Always get a BAA from your cloud provider.
Data backup: We see so many problems with backups when we go to medical practices. A backup drive will be sitting out in a reception area where anyone can grab it. Go through everything and make sure it’s being backed up, all your drives, laptops, etc., too. If your server failed, how long would it take to get you back in business? Ask your IT professional.
Your data needs to be secured onsite, and also stored offsite in case your office is destroyed due to fire or flood.
The offsite location must be compliant with HIPAA.
Backups must be tested.
A full image of your server is optimal. Just backing up the files isn’t enough.
Always protect against the unplanned.
Remember that all hardware fails at some point.
Ransomware is exploding. (Employee cybersecurity training is essential.) The only way to recover from ransomware is with your backups.
Encryption: The HHS Wall of shame is filled with lost and stolen data. Thousands of laptops are left at airports in TSA. Plus, they “walk away” from medical offices or are stolen—This includes external hard drives. This is why your servers, laptops, workstations, hard drives, and all data must be encrypted.
Microsoft Windows provides encryption, but you must be using the professional version of Windows—It comes with BitLocker.
Apple OSX has FileVault that you can use for encryption. Both Microsoft and Apple support encrypting on external drives as well.
Physical security: This is a big issue with medical offices. Many try to use every bit of space for their patient needs and don’t think about where the best place is for their server. Under the desk in the lobby isn’t an acceptable location. Your backup server must be locked up where it’s only accessible by your IT professional or other authorized people. (Plus remember to encrypt it.):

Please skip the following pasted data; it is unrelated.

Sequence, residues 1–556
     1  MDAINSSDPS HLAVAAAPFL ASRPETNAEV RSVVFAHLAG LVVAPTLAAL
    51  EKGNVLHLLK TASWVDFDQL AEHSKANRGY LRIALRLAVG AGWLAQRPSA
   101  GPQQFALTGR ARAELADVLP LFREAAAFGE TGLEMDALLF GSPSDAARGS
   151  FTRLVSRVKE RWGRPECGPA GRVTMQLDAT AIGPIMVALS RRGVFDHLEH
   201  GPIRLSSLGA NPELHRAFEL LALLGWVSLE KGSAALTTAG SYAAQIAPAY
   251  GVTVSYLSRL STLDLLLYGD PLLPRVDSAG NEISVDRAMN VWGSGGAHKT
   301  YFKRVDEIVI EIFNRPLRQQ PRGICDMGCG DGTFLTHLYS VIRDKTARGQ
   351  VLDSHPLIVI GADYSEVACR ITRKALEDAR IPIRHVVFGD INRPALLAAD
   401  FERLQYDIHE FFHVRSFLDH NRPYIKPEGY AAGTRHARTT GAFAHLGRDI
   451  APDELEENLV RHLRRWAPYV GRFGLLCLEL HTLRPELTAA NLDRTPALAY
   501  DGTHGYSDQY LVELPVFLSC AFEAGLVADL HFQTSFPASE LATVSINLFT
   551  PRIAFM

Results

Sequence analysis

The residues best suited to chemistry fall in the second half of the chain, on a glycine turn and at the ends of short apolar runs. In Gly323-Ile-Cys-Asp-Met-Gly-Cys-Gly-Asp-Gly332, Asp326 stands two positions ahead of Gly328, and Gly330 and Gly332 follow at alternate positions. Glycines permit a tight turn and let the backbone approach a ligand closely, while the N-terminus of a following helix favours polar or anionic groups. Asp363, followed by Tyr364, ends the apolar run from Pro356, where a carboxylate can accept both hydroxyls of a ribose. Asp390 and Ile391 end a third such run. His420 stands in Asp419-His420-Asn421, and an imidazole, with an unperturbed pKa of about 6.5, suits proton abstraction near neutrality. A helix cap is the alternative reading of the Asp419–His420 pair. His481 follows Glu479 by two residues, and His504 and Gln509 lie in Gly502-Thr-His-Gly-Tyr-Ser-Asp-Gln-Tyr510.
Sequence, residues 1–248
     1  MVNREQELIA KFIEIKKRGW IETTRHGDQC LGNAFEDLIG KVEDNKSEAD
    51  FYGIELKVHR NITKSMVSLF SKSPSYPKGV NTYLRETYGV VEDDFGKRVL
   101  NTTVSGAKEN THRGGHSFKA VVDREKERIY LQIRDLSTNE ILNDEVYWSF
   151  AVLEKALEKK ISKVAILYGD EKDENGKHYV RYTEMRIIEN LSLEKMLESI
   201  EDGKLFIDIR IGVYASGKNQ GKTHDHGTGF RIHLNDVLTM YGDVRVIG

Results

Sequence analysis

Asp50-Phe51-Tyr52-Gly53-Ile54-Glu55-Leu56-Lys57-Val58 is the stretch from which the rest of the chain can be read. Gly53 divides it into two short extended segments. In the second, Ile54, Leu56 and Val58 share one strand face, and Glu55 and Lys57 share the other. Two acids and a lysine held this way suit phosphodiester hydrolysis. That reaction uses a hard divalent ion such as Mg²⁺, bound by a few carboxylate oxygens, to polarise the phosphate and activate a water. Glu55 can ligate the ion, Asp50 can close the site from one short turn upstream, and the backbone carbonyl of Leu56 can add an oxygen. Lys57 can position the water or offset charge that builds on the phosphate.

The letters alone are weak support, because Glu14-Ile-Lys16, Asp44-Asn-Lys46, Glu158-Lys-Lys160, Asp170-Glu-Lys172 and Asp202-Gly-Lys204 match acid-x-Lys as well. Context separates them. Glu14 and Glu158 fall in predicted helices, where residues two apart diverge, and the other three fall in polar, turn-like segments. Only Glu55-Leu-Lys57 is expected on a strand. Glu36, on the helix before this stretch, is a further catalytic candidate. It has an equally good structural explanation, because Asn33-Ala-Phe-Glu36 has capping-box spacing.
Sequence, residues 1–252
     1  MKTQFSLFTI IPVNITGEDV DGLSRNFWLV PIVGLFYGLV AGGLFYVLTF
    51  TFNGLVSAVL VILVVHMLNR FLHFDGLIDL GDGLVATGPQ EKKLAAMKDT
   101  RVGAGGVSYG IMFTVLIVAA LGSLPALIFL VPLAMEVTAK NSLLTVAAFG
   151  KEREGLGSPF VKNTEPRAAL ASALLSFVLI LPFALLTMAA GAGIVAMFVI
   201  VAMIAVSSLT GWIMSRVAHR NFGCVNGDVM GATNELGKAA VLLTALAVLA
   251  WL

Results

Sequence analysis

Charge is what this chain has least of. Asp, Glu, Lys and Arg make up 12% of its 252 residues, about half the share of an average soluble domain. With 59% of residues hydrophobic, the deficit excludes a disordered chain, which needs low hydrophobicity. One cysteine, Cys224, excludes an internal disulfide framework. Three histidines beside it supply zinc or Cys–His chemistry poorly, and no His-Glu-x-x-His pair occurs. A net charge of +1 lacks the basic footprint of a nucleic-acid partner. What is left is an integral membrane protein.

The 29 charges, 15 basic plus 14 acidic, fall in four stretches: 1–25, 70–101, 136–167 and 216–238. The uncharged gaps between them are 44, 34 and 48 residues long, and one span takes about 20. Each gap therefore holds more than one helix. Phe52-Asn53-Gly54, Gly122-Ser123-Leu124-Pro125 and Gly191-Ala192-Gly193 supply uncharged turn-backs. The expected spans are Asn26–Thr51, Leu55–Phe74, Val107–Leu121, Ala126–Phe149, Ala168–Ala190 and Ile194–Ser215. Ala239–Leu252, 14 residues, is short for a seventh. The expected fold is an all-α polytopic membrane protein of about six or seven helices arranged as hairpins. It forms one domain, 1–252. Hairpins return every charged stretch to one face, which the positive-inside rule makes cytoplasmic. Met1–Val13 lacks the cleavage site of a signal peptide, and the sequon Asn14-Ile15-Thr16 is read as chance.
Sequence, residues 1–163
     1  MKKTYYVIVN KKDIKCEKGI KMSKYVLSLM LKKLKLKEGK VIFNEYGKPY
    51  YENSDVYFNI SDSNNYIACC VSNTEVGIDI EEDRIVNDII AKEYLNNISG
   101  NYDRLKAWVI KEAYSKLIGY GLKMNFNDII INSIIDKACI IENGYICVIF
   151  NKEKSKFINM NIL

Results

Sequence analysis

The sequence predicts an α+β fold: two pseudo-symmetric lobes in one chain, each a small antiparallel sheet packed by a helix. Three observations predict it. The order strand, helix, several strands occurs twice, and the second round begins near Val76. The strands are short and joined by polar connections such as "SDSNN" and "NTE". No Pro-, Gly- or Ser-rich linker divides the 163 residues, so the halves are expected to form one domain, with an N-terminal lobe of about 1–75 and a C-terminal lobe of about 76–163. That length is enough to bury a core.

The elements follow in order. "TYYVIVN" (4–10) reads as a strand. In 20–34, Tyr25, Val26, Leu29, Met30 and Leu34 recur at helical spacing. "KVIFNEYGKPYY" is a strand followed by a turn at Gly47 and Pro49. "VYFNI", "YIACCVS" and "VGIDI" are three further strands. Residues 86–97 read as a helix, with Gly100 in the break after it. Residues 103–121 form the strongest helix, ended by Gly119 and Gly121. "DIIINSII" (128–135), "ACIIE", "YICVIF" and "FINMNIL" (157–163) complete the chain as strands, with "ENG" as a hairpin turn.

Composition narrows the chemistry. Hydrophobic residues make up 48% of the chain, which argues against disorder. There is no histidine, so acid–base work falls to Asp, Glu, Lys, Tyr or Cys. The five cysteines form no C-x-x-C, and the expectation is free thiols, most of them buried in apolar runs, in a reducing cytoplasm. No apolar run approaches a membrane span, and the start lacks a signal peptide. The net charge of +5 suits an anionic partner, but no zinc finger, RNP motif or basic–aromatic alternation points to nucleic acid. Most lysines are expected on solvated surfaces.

Move your server to a locking closet.
If a closet isn’t available, chaining it to a wall in a locked cabinet may be acceptable (in a private area, not the lobby!).
Lock your laptops to carts or desks.
Secure your office space with an alarm system.
Whenever employees leave, make sure you change out your keys.
Network access: You must know who has access to your data at all times, even when you’re not there. Are your computers locked when employees walk away?
Does your cleaning crew use your computers? (We’ve been in places where computers aren’t locked and the cleaning crews have access. Sometimes a mom and pop cleaning crew bring their kids with them, and the kids play on the computers!) Periodically review your user accounts:
Audit accounts and changes.
Remove old employees.
Correct levels of access.
Does everyone need access to all documents?
Limit access through permissions with the minimum necessary access.
Have unique accounts for each employee by name (“Ralph Smith” rather than “Receptionist”).
Review your wireless networks.
Is your guest wireless on the same network as your medical records?
Log on—Can you access your data from your guest network? (We’ve seen large practices with 100 employees where this occurs.)
Do you have an appropriate firewall?
Does your firewall actually prevent network attacks?
Does it perform updates automatically?
Make sure it’s not an off-the-shelf $100 version from the local computer store.
Fortinet/Cisco or Meraki are good ones—You need an enterprise-grade firewall.
Training: Training is critical because most data breaches are caused by users who don’t know better. Even smart users need reminders and refresher training. The threats come via things like ransomware—It makes its way through your users’ social media or email. Criminals are getting smarter and sending realistic-looking emails, writing something that tempts users to click malicious links.
Your employees need to know what to click on and not, and how to identify bad emails. How do they determine if a link is bogus or not? What kinds of passwords should they use? Do they encrypt thumb drives they take home? —And much more.
Call your IT provider to do this training. They will have the most up-to-date threat info.
There’s a lot more to know.
It’s just not possible to include it all in one article!
So, how do you keep your medical practice off the Wall of Shame?
By keeping your patient data safe from cyber threats.